Re: What difficulties encountered by beginners in abstract algebra?
Posted:
Jan 10, 2013 10:40 AM


In <Pine.NEB.4.64.1301090149080.12913@panix1.panix.com>, on 01/09/2013 at 07:21 PM, William Elliot <marsh@panix.com> said:
>On Mon, 7 Jan 2013, Dan Christensen wrote:
>> Studies have shown that proofwriting skills learned in one >> branch of mathematics such as geometry may not be easily >> transferred to other branches such as abstract algebra and >> analysis.
I'm always suspicious of such paraphrases. I wonder exactly what it is that studies have shown. I suspect that they were not tracking students moving from a rigorous presentation of one branch of Mathematics to a rigorous presentation of a different branch.
>> F. A. Ersoz (2009) suggests that the many informal "axioms" of >> Euclidean geometry, as usually taught, are based largely on >> personal intuition and imagination (p. 163). While this may >> serve as a productive basis for some discussion, it can blur >> the boundary between the formal and informal, and lead to >> confusion as to what constitutes a legitimate proof in other >> domains (branches) of mathematics.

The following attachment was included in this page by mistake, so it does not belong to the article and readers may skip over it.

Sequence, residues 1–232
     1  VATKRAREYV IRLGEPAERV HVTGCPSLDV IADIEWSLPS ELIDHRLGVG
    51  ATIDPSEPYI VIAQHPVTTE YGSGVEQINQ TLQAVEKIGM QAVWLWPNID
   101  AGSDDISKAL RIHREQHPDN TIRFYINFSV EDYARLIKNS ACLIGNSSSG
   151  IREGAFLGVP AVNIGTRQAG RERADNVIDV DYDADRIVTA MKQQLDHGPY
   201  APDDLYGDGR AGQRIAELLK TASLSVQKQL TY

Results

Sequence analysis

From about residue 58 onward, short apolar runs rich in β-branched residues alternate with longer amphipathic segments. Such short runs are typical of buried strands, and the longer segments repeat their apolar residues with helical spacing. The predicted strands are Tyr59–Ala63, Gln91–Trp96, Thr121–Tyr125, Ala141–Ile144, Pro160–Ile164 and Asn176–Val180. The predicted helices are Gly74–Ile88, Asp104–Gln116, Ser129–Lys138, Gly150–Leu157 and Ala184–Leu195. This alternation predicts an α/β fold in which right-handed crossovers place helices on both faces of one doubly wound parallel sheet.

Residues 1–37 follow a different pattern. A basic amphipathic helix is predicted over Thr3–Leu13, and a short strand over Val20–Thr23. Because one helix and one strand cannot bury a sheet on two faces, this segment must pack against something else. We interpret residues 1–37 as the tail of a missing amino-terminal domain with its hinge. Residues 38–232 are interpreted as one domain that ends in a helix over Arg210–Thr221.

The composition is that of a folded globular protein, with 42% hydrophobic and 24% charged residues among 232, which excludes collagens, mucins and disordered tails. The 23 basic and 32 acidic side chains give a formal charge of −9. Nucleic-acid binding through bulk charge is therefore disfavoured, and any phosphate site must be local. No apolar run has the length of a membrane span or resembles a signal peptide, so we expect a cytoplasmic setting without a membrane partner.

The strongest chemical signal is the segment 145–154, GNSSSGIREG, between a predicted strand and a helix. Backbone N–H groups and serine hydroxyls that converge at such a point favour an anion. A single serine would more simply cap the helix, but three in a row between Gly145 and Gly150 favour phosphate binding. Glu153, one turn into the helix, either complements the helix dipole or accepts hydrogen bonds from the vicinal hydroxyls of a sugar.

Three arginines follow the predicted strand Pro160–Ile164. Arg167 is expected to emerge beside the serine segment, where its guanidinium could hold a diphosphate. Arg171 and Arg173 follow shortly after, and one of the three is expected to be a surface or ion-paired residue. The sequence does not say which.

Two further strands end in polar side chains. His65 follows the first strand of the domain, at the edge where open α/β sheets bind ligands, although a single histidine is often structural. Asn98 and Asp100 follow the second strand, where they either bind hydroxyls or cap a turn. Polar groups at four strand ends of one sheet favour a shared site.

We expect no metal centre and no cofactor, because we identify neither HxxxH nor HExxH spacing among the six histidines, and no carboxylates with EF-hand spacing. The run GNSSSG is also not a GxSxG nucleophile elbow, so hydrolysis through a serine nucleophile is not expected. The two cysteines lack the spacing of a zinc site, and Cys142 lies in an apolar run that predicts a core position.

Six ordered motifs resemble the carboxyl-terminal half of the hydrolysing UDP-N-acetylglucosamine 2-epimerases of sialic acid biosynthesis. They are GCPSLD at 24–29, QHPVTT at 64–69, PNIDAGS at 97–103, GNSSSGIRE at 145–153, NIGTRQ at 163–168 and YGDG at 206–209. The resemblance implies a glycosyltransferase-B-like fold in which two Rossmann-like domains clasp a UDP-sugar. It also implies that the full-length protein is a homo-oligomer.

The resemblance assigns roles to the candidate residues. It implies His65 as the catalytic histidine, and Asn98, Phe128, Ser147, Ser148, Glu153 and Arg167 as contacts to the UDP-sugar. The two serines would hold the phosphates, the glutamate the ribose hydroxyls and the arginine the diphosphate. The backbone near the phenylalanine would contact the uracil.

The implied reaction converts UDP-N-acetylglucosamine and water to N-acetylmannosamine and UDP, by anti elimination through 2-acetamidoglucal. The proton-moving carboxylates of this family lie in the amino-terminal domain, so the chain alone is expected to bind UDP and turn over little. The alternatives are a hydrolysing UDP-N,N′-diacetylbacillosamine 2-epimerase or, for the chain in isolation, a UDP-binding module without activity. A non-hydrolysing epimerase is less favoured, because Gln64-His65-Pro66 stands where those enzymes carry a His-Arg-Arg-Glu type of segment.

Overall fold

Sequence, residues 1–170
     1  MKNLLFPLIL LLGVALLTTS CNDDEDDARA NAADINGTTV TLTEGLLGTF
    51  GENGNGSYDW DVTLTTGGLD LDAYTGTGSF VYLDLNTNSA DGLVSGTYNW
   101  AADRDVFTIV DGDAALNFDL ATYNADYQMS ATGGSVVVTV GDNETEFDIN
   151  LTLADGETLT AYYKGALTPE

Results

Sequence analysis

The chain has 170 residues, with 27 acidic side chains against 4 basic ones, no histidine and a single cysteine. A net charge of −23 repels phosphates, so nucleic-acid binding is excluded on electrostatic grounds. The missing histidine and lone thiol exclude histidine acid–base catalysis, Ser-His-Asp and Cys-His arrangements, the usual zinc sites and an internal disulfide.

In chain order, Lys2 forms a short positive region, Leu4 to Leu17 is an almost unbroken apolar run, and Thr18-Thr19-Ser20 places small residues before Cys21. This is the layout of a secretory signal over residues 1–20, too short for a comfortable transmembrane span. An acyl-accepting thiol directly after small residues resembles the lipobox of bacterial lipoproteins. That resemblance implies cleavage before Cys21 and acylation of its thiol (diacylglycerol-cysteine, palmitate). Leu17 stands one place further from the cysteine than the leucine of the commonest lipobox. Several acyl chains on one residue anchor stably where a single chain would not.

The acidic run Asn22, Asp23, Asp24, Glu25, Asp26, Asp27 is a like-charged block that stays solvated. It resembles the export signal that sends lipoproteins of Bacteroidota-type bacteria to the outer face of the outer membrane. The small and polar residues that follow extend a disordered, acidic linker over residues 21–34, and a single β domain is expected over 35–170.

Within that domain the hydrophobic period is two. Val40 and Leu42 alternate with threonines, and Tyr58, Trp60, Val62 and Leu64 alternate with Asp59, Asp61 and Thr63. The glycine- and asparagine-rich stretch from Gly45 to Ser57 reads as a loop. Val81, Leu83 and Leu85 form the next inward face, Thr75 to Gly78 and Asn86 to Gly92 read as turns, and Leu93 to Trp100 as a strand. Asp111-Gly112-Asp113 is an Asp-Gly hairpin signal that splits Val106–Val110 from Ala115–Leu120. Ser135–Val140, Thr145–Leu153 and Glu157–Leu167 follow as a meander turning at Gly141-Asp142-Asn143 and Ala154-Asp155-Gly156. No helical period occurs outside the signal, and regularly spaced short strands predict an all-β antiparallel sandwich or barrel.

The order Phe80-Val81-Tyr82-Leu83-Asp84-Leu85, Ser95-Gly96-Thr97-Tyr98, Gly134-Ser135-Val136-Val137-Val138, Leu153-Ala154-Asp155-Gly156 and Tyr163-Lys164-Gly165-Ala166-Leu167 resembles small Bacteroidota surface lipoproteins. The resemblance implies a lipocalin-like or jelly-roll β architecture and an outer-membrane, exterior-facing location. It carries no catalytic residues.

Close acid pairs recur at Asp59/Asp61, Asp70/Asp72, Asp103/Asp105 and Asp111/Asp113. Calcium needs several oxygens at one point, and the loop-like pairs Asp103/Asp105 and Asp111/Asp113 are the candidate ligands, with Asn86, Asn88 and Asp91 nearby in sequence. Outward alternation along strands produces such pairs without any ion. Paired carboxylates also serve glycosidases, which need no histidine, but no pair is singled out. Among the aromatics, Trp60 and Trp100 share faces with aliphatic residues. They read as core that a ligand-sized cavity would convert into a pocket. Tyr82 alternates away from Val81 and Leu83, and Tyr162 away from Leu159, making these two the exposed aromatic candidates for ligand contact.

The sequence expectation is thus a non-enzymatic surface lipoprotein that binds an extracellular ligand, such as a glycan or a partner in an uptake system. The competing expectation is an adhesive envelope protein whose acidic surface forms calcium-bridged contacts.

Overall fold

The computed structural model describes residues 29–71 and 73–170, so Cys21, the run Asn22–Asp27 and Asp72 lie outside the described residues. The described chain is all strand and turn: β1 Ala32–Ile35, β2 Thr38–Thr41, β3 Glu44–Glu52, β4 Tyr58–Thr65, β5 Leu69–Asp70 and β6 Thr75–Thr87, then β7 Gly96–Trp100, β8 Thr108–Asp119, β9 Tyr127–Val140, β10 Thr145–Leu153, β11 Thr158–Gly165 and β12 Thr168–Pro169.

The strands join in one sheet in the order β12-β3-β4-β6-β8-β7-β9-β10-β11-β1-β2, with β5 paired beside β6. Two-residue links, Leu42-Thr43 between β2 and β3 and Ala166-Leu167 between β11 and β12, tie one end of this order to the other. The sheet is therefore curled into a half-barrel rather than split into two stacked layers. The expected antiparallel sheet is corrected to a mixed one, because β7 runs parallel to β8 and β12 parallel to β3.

>Personal intuition isn't needed for algebra?
That's not how I read it. He seems to be saying that intuition without rigor leads to confusion, not that intuition plus rigor does.
>> Ersoz also suggests that introductory geometry courses seldom >> present many of the methods of proof used in more abstract >> courses öÇ methods like proofs by induction, contrapositive >> or contradiction (p. 164). >> http://140.122.140.1/~icmi19/files/Volume_1.pdf
>Yes, geometry is mostly constructive while algebra or caluulus is >an opportunity to extend logically skills learned in Eucidean >geometry.
Even The Elements used more tools than just construction, while Algebra definitely relies on construction in various proofs. As for Calculus, it's usually taught as an Engineering course, even though it is not labelled as such.
I'd love to see high schools using Hilbert's Grundlagen der Geometrie[1] as the text for Geometry, and then studying how the graduates adapt to reasoning in Algebra.
[1] In translation
 Shmuel (Seymour J.) Metz, SysProg and JOAT <http://patriot.net/~shmuel>
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